“Unsurprisingly, Bateleurs veteran Paul Dutton turned up with his two-seater Spirit of the Wilderness for good measure as well. There was no way he was going to miss this event.  I was pleased to have Barry de Groot as my pilot – again.  He had flown me and a media team over the area early last year in a howling gale, so I knew he wasn’t going to prang in the near perfect conditions, (the presence of other planes in close proximity notwithstanding), and that I could concentrate on getting the still shots, while Don Guy filmed the movie. 

Barry didn’t disappoint.  A very low level pass over the beach provided the chance to see even the facial expressions of the marchers below, showing me that they were ecstatic to have this civilian ‘airforce’ to bolster their morale and confidence. 

The effort by the pro-mining faction to counter the impact of the event by staging a political jamboree a month later, backfired badly.   Yes, they did manage to get Government there – no less a person than the Minister of Minerals and Energy Buyelwa Sonjica herself – but the obviously contrived and manipulated attempt to emboss the Xolobeni mining proposal with credibility left journalists even more sceptical.  As Fred Kockott, veteran Sunday Tribune journalist reported “It was the strangest of meetings, and a blatant demonstration of the buying power of government, the mining industry and politicians”.

And of course, they didn’t have The Bateleurs doing a formation flypast to welcome the Minister, and signal aerial support for the mining.

The Minister then made a crucial tactical mistake by claiming that the anti-mining lobby was simply the work of “rich whites”, led by Richard Spoor, who were dividing the community so that they could stop the mining and continue to enjoy pristine Wilderness areas, and arresting “progress in our community”.

The Amadiba Crisis Committee and their supporters, emboldened by the same banners and placards that had been made for the Beach Walk/March a month earlier, had turned up in significant numbers.  They were incensed at the Minister’s outrageous comments and insisted that she return for another consultation.  But they insisted it would be with directly affected local residents only, and without all the political razzmatazz.   To her credit, humbled by the courage and conviction of the ACC, she returned a month later to hear firsthand why people on the ground objected so strongly to the mining plans.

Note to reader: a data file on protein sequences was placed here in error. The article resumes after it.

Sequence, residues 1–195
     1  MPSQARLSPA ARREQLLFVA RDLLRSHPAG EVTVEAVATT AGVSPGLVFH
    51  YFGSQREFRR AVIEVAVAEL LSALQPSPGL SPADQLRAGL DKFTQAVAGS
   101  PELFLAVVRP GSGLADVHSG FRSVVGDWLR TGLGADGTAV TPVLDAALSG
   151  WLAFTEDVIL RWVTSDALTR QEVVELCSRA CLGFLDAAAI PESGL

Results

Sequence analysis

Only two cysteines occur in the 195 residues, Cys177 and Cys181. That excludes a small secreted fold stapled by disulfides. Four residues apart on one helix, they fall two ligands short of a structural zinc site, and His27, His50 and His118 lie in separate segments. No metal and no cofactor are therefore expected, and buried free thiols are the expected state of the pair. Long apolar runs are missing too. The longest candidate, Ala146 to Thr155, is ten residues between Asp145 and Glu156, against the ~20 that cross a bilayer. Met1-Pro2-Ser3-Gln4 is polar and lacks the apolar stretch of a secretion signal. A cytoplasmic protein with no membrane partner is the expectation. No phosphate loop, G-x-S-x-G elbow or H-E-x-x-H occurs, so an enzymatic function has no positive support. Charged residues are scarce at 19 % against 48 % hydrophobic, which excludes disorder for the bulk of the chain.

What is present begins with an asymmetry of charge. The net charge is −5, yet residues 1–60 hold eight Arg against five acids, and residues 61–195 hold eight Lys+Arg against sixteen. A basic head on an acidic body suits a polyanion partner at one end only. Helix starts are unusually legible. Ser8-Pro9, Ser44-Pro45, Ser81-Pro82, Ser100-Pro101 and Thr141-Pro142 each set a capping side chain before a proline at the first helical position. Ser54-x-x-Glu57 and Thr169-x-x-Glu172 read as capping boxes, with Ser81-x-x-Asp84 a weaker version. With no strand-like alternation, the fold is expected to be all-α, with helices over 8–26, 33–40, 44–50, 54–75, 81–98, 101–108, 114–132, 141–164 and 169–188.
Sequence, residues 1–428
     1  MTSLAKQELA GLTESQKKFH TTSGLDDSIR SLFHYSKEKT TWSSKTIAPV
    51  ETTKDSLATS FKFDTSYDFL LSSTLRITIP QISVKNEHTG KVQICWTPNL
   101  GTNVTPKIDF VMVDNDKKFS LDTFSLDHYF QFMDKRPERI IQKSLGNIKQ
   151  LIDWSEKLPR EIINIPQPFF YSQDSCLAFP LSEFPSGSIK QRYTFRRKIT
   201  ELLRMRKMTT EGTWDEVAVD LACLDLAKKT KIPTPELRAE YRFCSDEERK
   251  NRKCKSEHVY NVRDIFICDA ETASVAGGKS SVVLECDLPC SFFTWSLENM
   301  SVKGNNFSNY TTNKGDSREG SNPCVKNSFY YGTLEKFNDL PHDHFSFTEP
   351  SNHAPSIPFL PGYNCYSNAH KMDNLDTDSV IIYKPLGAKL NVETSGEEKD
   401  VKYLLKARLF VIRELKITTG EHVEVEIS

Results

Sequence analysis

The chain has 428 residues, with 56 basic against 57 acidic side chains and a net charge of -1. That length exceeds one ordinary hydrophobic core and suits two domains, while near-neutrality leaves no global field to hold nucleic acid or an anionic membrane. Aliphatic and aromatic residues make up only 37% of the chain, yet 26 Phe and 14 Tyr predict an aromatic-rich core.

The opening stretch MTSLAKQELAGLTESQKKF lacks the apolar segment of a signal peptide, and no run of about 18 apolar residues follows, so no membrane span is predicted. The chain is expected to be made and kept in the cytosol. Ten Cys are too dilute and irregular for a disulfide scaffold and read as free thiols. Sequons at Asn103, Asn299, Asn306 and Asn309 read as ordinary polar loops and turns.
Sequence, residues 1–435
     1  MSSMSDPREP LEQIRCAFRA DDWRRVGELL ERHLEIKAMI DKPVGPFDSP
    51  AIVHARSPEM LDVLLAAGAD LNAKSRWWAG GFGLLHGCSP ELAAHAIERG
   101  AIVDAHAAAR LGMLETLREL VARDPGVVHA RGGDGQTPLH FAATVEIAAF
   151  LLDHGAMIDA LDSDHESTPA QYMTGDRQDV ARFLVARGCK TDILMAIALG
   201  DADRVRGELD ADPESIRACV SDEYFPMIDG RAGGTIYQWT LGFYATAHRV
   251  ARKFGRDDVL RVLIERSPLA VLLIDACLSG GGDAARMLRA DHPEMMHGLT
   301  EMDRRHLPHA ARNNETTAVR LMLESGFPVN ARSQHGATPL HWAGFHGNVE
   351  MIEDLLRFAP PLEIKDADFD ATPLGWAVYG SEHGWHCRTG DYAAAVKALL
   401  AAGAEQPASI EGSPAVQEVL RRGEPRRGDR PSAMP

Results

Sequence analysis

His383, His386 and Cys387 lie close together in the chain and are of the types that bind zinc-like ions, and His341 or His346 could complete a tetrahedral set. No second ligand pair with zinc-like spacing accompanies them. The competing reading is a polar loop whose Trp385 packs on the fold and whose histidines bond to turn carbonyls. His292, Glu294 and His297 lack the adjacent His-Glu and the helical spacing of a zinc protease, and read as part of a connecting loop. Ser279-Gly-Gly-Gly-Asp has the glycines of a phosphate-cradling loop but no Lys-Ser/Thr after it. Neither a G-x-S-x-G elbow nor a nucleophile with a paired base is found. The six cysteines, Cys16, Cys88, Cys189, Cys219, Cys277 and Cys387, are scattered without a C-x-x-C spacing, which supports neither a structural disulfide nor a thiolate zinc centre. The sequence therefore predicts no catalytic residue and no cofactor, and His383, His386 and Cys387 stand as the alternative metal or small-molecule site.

After hearing one complaint after the other, there was little the minister could say other than to apologise and plead for forgiveness at the manifest failure in the consultation process.
The following week the terse announcement came from DME.  “The Xolobeni Mining right will not be executed as planned on 31 October, pending the outcome of the appeal lodged by the Legal Resources Centre on behalf of the Amadiba Crisis Committee”.

Most of those who participated in the fantastic Beach Walk/March two months earlier believe It was that event which signalled a decisive shift in the overall alignment of forces for, against and indifferent to the Wild Coast dune mining. 

The profound significance of The Bateleurs contribution to the Amadiba communities growing confidence only hit me a day after the historic formation flight.  I happened to drop in to visit my sister who lives in Durban.  Before I could tell her about my fantastic flight with The Bateleurs, she got in first to tell me about an inspirational quote that she had heard in a Sunday sermon, which happened to be around the same time as I was boarding Barry’s Cessna.  “Why keep scratching in the ground with the chickens, when you can soar to new heights with the eagles”.

Surely it is only a matter of time before the Aussie mining company abandons their ambition to peck away at the Wild Coast coastal dunes and starts ‘repacking for Perth’.  With The Bateleurs ever on hand to soar overhead in tight formation to support local residents in their protests, MRC will have no chance of mining the Wild Coast.”